However, nowadays there are drugs that contain muscle relaxants and painkillers together and the patient may not be aware that they are taking them together. For this reason, it is important that patients carry the medications they are taking with them to the doctor and ask which medication and at what dose until they are clear.
It is important to stop the medication as soon as possible. However, sometimes longer use may be required for prolonged severe pain. In this case, gastroprotective measures may need to be taken to reduce the side effects of the medication, and blood values, liver and kidney function may need to be evaluated by checking blood tests intermittently.
The aim of gastroprotective measures is to prevent the development of a potentially fatal side effect such as gastric bleeding.
Stomach protectants are added to the treatment as long as NSAIDs are used; it should be discussed whether longer use is required. Stomach protectants can cause various problems in long-term use.
In order to reduce the use of NSAIDs in chronic pain, different drugs (such as antidepressants, gabapentinoids, opioids) may need to be added to the treatment. Of course, these drugs may have different side effects.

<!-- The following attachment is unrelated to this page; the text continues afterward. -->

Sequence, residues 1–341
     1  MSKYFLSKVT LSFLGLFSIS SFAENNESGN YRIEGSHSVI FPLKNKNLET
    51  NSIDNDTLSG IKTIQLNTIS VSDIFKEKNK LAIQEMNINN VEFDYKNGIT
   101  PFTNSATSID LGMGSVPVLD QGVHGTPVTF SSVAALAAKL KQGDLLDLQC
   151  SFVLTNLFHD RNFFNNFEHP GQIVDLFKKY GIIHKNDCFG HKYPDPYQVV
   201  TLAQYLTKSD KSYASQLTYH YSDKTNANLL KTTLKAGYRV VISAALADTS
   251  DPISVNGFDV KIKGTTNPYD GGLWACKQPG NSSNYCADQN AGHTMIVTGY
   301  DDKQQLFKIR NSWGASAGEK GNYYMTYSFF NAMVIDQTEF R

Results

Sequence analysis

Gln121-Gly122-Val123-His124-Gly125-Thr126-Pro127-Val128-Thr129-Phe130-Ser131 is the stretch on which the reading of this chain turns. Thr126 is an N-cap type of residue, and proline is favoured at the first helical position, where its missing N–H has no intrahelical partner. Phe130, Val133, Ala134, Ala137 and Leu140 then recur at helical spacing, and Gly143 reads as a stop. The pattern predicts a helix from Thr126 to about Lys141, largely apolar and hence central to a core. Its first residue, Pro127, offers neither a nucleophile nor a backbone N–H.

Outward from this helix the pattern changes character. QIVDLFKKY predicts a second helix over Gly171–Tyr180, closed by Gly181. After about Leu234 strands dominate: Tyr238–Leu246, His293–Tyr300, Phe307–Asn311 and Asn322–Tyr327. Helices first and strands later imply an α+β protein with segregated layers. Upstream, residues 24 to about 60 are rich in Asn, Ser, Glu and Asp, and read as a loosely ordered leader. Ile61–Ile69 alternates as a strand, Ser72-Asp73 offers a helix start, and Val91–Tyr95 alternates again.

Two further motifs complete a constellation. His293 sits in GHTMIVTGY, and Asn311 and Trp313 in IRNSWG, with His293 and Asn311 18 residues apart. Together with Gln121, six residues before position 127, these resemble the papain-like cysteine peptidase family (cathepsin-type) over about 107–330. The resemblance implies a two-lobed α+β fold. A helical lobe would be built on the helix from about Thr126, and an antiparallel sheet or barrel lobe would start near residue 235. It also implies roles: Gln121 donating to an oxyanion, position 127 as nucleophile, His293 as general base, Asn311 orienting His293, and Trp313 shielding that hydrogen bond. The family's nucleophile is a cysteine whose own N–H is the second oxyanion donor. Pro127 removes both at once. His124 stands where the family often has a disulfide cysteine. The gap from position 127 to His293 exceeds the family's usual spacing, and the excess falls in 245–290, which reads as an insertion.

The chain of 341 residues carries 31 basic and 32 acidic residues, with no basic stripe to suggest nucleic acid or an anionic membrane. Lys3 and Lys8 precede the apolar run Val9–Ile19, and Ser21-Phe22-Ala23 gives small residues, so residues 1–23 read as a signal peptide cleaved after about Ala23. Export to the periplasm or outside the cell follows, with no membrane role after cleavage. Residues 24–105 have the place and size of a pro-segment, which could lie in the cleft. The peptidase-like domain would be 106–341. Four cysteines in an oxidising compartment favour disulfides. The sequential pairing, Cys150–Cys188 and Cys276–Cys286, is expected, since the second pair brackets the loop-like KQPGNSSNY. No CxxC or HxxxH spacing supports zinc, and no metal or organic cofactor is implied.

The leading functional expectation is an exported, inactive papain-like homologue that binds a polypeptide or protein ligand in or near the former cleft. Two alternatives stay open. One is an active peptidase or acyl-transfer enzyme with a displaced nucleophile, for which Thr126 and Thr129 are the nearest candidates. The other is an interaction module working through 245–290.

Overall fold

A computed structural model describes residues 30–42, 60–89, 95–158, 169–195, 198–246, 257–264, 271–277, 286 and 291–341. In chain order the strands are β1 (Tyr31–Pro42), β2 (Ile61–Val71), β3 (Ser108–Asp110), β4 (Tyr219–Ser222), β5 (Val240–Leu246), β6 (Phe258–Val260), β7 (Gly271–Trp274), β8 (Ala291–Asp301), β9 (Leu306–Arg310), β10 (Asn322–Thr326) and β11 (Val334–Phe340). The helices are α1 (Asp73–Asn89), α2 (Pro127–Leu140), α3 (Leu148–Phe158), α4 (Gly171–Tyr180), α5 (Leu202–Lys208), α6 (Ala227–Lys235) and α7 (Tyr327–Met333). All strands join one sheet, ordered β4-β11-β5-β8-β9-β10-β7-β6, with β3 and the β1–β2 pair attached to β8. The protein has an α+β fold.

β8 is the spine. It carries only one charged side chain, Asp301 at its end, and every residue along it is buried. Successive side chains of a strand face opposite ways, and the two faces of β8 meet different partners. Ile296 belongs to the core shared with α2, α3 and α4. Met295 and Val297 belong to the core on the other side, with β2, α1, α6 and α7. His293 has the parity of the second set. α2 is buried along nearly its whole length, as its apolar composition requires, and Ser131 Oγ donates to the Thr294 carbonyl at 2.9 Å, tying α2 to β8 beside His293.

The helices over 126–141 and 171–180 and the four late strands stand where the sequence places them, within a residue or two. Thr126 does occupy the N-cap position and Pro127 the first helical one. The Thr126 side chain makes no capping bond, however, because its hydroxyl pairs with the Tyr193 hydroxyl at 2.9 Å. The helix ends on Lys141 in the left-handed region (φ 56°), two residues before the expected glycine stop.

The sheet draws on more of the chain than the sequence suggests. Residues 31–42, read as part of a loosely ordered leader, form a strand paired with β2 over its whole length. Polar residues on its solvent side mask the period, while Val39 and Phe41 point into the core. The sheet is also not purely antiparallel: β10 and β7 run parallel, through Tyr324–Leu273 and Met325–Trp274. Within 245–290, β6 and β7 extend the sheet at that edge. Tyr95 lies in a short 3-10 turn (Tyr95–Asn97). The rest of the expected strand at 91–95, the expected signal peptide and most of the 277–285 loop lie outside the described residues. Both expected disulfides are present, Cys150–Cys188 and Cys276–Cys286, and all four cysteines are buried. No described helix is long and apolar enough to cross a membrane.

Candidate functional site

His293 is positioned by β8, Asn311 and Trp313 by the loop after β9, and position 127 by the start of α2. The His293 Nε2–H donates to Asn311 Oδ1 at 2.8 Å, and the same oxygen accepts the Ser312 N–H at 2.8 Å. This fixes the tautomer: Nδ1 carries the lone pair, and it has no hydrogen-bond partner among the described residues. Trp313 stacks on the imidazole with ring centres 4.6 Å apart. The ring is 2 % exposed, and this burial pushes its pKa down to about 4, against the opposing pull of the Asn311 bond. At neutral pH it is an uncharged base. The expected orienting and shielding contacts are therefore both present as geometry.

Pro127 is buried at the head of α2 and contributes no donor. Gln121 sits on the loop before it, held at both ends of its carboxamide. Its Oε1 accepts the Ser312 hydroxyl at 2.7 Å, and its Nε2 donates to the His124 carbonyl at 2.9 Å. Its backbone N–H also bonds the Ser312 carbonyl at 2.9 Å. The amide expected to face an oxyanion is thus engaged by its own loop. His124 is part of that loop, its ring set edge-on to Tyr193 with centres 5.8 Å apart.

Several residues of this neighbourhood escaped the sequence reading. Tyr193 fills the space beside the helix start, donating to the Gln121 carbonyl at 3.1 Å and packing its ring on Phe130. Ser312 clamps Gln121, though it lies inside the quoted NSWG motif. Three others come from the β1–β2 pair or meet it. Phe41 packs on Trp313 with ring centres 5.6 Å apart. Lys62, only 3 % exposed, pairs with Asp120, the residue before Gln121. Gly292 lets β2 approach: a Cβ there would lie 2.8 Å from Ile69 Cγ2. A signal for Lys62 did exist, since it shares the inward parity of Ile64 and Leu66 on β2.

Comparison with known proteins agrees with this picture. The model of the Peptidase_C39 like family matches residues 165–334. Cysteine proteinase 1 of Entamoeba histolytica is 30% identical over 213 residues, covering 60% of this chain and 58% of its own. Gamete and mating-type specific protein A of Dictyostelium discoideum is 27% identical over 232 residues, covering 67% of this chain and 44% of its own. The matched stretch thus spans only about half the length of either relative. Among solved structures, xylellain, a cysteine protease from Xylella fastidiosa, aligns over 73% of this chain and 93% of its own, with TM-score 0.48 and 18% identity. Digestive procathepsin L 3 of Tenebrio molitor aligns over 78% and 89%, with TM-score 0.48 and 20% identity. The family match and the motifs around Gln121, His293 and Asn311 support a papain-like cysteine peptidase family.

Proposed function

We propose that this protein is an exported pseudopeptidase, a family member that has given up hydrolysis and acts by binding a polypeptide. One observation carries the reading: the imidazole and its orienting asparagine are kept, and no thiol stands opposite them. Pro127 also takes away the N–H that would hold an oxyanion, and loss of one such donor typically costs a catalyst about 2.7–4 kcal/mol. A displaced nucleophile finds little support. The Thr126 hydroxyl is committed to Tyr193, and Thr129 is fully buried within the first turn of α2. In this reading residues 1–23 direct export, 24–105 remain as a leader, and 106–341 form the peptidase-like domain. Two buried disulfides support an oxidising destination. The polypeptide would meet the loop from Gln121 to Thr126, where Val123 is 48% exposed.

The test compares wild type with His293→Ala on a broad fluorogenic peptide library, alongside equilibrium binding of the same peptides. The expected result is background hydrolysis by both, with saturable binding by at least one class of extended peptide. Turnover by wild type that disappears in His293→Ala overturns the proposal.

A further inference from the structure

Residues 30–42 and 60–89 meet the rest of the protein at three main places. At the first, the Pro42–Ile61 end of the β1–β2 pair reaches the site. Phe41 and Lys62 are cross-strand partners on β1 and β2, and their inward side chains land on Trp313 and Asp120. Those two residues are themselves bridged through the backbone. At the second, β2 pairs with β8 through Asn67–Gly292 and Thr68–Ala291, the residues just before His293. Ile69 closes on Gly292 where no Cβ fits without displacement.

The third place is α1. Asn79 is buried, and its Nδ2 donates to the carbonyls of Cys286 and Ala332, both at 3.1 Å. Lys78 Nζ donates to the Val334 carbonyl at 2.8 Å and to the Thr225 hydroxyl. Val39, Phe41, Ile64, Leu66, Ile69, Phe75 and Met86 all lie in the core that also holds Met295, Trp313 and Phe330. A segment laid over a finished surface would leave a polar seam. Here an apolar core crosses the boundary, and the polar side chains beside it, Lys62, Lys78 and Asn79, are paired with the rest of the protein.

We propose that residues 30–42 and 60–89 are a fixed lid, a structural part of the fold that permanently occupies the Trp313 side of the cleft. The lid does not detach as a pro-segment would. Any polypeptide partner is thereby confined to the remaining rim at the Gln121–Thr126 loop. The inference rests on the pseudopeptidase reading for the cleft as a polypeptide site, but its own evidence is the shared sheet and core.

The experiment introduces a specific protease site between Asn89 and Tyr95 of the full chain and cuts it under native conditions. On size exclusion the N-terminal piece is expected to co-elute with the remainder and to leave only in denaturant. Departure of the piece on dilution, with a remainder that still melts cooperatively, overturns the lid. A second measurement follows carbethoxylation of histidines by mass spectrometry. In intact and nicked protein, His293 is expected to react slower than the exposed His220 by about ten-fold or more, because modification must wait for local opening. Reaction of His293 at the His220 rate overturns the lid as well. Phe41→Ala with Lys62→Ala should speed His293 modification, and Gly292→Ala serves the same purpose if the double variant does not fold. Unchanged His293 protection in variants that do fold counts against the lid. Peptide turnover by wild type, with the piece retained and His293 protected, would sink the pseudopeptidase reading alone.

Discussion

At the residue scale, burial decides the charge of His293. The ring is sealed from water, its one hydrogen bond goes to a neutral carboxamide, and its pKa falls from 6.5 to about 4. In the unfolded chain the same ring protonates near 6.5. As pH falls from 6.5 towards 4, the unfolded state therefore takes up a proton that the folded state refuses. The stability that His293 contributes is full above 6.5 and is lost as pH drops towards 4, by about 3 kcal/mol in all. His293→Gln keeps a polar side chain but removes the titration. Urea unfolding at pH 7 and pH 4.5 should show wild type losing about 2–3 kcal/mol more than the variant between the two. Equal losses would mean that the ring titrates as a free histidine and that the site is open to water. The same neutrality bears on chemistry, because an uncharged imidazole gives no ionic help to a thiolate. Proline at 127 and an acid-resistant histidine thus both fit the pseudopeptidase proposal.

It is recommended that the patient be aware of the possibility of side effects and contact his/her doctor in case of complaints, discontinue the medication causing side effects and follow-up.
After the medication is prescribed, the effectiveness of the medication will be monitored and the side effects will be monitored by the patient’s self-monitoring. It is decided accordingly when to discontinue the medication. NSAIDs are not among the drugs recommended for continued use in diseases other than inflammatory rheumatic diseases. Long-term use of NSAIDs may be recommended in some inflammatory rheumatic diseases, but in this case, regular follow-up is recommended in terms of side effects.
One of the mistakes made in our society is to take painkillers and do all the work to be done that day, and to load the body of the person who suppresses the pain even more.
Ignoring the need for rest and care given by our body with pain, taking medication and continuing to rush by ignoring the pain may cause the existing problem to return with even more severity.
If it is necessary to take NSAIDs, the shortest possible duration and the lowest effective dose should be planned, and if the need for medication still persists despite a reasonable period of use, non-drug treatments (physiotherapy, injection therapies, surgical treatment, traditional complementary medicine practices, etc.) should be investigated.